This is a pattern-interrupt tactic that I just love to do. It stops the madness, but it also actually preserves the person’s self-worth while not sacrificing your own (this kind of worth equity is important to collaborative teams, and must be preserved). And here’s the scary little secret: it’s FUN. It makes me almost wish for more crazy-making people in my life so I could have the chance to use it more.

    A “question out of nowhere” goes something like this: “You know, [person’s name], this issue relates to a larger question I’ve been thinking a lot about lately. Would you say that in most companies, there’s a tension between the desire to hire external superstars on one hand, and the desire to develop leadership from within on the other?”

    For a question like that, the person has to think, then either say “yes” or “no” — but either way, you now have both his/her attention, plus the attention of onlookers. And you also (probably!) have the steering wheel for the next part of the conversation.

    The best part is, you can plan these questions ahead of time. Think of a couple of really abstract must-say-yes questions that deal with your unlikeable person’s hot-button issues. (I love the “Would you say that there is a tension between” question because it’s large enough to frame both sides of any argument.)

    Going forward, just sort of have these questions in your back pocket. Rehearse them so you can try them out the next time your nemesis starts his/her out-of-control pattern again. Trust me, merely having a couple of pattern-interrupt questions handy will greatly defuse the situation and help you be much more objective, while remaining compassionate toward your snarky co-worker. You may even catch yourself looking forward to your next conflict! (And if your question doesn’t work, you can always go back to Plan A and simply leave the room!)

    Bret L. Simmons Reply:

    Beth, you rock! Thanks 🙂 Bret

  8. Hi Bret,

    Thanks for the great post. I find it interesting to know that we don’t need to have good friends at workplace to be effective. All these years I was thinking the vice versa.

    In my previous workplace, I had some good friends whom I know before I joined that employer. I did not know anybody in my current workplace until I start working there. But I made some good friends over the years. Personally, If need to get done something from another division and I have a choice to reach more than one person to get that information, I usually go to the “friend” first.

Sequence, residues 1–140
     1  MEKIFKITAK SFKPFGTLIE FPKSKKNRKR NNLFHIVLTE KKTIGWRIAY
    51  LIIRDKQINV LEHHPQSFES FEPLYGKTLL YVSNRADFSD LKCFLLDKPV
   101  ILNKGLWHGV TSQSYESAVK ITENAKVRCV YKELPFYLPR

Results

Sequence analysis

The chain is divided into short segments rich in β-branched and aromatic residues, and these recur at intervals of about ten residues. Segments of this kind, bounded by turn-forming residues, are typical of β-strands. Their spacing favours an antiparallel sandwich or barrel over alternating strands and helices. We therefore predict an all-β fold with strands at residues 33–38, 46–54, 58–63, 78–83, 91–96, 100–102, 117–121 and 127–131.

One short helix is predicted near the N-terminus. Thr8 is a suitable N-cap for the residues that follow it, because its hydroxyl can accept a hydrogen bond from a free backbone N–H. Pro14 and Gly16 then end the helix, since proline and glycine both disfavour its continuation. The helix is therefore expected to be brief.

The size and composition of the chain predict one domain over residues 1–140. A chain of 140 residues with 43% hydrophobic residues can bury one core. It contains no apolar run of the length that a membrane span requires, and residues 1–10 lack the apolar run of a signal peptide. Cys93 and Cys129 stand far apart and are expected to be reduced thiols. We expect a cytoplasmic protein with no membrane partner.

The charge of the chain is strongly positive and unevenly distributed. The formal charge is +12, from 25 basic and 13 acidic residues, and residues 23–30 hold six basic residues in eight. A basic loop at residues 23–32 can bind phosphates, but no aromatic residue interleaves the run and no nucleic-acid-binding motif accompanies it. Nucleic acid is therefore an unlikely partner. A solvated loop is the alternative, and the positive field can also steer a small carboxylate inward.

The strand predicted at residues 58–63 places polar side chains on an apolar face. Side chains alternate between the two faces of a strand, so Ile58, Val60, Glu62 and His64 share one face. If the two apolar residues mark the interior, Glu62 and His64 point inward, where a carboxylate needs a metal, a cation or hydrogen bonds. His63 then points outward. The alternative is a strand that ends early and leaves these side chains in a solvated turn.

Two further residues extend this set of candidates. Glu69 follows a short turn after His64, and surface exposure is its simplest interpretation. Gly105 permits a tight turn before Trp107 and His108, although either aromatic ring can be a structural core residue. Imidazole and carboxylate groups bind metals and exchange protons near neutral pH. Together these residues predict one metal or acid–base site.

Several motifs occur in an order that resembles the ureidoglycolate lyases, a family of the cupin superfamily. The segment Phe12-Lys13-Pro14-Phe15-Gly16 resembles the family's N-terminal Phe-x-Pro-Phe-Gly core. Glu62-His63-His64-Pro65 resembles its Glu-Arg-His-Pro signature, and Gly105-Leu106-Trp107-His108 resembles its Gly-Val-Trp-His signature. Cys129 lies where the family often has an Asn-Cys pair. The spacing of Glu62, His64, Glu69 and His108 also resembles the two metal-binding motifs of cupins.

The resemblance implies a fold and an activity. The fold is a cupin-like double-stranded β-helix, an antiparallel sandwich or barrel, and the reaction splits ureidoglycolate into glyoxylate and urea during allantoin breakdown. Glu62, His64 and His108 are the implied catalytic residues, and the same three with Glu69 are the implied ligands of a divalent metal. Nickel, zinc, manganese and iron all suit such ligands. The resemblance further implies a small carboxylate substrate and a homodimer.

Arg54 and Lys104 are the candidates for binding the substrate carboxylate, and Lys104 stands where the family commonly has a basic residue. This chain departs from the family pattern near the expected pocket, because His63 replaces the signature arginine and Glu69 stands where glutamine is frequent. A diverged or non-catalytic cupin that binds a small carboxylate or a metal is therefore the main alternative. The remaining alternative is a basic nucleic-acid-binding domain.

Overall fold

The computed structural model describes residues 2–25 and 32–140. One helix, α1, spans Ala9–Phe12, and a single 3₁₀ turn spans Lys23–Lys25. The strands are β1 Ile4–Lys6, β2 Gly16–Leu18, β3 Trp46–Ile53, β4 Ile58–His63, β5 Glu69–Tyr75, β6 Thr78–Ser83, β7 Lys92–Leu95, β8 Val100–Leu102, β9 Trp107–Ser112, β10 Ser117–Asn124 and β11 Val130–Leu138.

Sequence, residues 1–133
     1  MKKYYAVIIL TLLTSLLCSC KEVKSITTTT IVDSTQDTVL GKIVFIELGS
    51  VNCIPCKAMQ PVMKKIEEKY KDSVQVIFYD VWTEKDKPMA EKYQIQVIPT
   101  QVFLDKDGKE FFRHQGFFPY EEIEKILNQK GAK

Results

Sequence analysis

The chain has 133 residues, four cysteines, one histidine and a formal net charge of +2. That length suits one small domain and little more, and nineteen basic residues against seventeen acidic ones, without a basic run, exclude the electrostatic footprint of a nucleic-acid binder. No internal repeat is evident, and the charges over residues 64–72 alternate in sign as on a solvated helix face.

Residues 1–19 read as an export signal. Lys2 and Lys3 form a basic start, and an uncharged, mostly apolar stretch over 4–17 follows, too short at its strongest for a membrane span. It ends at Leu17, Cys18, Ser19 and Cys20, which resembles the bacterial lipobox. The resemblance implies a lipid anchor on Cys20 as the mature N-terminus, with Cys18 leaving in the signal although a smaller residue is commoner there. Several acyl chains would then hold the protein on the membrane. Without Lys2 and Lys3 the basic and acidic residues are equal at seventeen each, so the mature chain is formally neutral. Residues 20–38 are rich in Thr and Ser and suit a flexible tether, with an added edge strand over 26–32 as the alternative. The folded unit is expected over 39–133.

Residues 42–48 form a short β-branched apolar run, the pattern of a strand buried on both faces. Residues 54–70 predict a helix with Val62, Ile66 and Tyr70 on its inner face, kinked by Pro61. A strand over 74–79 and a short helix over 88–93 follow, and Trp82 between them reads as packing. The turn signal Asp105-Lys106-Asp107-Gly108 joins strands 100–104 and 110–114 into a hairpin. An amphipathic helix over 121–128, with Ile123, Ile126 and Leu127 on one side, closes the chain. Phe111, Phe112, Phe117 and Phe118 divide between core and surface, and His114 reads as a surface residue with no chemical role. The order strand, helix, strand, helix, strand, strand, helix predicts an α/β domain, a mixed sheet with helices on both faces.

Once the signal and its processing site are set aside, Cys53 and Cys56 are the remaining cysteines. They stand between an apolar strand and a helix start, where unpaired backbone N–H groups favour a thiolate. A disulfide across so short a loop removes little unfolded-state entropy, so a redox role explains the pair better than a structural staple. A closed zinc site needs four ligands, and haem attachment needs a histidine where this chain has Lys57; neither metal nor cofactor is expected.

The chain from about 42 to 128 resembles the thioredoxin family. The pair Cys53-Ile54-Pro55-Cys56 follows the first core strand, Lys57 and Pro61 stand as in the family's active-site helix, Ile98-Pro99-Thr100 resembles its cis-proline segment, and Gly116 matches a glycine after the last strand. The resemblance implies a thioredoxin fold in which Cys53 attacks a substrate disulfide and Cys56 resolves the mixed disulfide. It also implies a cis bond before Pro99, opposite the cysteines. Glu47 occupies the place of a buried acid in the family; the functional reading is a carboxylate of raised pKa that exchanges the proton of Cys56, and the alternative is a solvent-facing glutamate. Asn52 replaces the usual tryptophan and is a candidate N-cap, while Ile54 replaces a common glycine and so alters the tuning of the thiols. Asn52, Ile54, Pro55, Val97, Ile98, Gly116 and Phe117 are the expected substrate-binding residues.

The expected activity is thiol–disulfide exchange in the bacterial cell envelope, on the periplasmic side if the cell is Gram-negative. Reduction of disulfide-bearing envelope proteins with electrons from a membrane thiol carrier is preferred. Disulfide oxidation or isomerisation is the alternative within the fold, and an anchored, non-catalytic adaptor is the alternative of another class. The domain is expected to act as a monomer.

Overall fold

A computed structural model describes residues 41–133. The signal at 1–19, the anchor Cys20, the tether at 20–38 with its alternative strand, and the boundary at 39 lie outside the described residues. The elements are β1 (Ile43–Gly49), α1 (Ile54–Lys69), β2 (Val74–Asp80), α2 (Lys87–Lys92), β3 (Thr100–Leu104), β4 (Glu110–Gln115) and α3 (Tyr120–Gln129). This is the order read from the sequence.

Bret L. Simmons Reply:

    That’s the problem, Yathi, going to our friends first might make us feel good, but it is not always in the best interest of the organization. Thanks sor sharing your candid thoughts! Bret

  9. Thank you for this post. I experienced this in one of my jobs. I just never felt like I fit in with the rest of them, but I still worked well with them. I just tried to be professional and do my best work.

    Bret L. Simmons Reply:

    That’s all you can do, Peter, and really, in a highly professional workplace, it should be plenty. thanks! Bret

  10. Erin Wootan says:

    This is definitely a very fine line, being respectful to someone you categorically don’t like at work and actually trying to like them. I’ve been in this situation more than a few times, and it is HARD sometimes to be nice to someone you don’t like. I think this might be one of my biggest flaws at work, separating my feelings for those I like and those I don’t. Still working on it, but it is definitely a challenge. Great post, I will think about it the next time I disagree or dislike someone at work and try to make a conscious decision to be respectful and polite for the sake of effectiveness.

    Peter Thorburn Reply:

    Giving it a try is the place to begin. As long as you can rationalize what the problem is, then there is hope of working toward a solution.

    Bret L. Simmons Reply:

    Concur, Peter. Thanks! Bret

    Bret L. Simmons Reply:

    Good point, Erin. I don’t pretend to like people, but being professional is not pretending. It has nothing to do with liking and everything to do with simply being decent. I don’t expect everyone to like me, but I do expect them to work with me. Thanks! Bret